The Minolta Alpha/Maxxum or Minolta Dynax 7 (as mine is, and as I shall from henceforth be calling it) was released in 2000 and was about as sophisticated as any 35mm SLR ever got.
Film cameras had nigh on a century of dominance of photography, but at the turn of the last century, their days were numbered. The last-gasp innovation of APS film had not set the world on fire and looming on the horizon were digital cameras that could record our lives, produce instant results that we could immediately review and push our expectations of image quality and light sensitivity beyond what is possible using chemistry.
As this film era came to an end the photographic giants produced some lovely cameras – Film SLRs were at their most sophisticated and in those last few years some amazing SLRs were created. This article seeks to look at one such camera from the company formerly known as Minolta.
Minolta Dynax 7 / Alpha 7 / Maxxum 7
The Minolta Dynax 7 had multi-mode metering, memorized the settings of the last 5 films shot, had shutter speeds up to 1/8000th of a second, allowed customization of just about every feature (so if you want your exposure counter to count down rather than up, and for the film leader to be left out of the cassette after rewind, you are in luck!)
All this is set via readable menu items selected on a control panel hidden beneath a magnetically latched metal hinged door. The Minolta Dynax 7 supports in-lens motors, has 9 AF points in the viewfinder – the central one being a highly accurate ‘double cross’ and (possibly unique for a film SLR) featured a rear display that makes setting the custom functions a doddle and still fools people to this day into thinking it is a DSLR.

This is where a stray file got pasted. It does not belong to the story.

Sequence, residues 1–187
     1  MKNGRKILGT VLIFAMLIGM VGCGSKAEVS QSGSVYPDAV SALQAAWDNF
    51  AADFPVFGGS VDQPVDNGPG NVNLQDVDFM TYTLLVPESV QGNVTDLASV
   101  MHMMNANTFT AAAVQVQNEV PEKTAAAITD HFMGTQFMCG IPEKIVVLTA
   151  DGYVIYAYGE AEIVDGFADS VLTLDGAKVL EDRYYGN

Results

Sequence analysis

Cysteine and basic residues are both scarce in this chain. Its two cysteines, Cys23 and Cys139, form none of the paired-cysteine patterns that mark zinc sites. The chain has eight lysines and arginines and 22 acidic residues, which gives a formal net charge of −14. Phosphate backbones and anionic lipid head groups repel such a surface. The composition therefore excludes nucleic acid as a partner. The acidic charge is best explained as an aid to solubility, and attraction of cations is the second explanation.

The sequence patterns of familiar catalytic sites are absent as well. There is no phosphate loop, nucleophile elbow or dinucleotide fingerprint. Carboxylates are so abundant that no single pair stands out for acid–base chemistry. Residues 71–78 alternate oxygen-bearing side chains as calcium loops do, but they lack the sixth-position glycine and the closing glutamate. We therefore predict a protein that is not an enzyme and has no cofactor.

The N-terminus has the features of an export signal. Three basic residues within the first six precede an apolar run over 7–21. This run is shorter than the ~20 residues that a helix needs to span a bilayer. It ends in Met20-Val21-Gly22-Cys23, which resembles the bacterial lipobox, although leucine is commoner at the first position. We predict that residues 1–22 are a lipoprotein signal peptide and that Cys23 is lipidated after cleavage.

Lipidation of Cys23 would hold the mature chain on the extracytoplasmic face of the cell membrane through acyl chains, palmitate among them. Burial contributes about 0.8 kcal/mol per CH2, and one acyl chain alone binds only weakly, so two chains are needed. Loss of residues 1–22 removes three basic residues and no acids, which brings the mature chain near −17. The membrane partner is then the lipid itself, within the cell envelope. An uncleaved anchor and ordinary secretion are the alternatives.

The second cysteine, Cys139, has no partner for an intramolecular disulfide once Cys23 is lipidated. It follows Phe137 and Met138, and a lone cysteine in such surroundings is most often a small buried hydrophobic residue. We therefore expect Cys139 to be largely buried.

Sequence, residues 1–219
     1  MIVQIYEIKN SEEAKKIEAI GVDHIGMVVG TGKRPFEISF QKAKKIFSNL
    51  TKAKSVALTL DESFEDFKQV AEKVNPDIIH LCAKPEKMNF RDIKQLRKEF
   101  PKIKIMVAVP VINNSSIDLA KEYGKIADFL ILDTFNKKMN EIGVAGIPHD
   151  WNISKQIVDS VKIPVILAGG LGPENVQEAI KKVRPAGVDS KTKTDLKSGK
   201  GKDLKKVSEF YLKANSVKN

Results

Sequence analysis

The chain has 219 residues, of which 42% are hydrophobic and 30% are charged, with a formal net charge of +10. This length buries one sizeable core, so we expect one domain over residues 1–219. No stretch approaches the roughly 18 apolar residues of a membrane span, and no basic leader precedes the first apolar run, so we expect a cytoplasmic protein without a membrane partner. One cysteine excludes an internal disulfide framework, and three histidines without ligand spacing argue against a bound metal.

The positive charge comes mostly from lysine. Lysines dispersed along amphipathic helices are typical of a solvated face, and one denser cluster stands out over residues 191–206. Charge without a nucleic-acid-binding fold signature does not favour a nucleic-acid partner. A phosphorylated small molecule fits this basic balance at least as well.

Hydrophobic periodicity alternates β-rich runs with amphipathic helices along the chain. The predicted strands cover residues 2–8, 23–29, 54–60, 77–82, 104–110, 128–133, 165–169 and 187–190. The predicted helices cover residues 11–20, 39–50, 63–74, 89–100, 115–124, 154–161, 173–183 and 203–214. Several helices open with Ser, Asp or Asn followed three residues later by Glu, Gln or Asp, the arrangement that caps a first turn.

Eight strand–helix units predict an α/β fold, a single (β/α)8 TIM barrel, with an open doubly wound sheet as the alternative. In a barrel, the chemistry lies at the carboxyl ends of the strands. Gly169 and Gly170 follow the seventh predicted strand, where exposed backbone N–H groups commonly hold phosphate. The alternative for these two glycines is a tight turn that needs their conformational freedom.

The Minolta Dynax 7 was not the top of the pile, that position was taken by Minolta’s last bid to produce a professional film camera, released a few years before, which was the Dynax 9. The 9 is a titanic beast, but it never included quite as much technology and features as Minolta packed into the 7, and had to be retrofitted to use lenses with built in motors (SSM in Minolta’s nomenclature).
They even gave the Minolta Dynax 7 a special mode that emulated the company’s (as then unique) Smooth Trans Focus lens, by actually adjusting the position of the diaphragm blades of the lens during exposure (tripod required). But the thing that set the 7 apart from the crowd was a feature that Minolta had been re-introducing over the previous 5 years. Dials. Knobs. Switches. Lots of ’em.
While so many of Minolta’s cameras since the introduction of the 7000 in 1985 had relied on adjustment by pressing a button and moving a wheel (or in the early days a jog switch) Minolta had started, with their 600si, to bring back dedicated controls and knobs. On the Minolta Dynax 7 they brought this to a wonderful ergonomic head, with just about every camera function being controllable from its own dial, switch or button. In all it has 10 dials, 13 buttons (not counting two lock buttons on dials), 4 switches and a multi-controller – and that is without getting into latches, lens releases and covers, or the sensors on the viewfinder and grip.
The darn thing positively bristles with controls. The only camera to rival it was the digital version, the Konica Minolta 7D, which was a camera so frighteningly difficult to mass produce because of all the dials, switches and levers that it required a lot of expensive hand assembly and consequently suffered a certain amount of QA issues (which may, in the end, have played a part in hastening KMs departure from the camera business).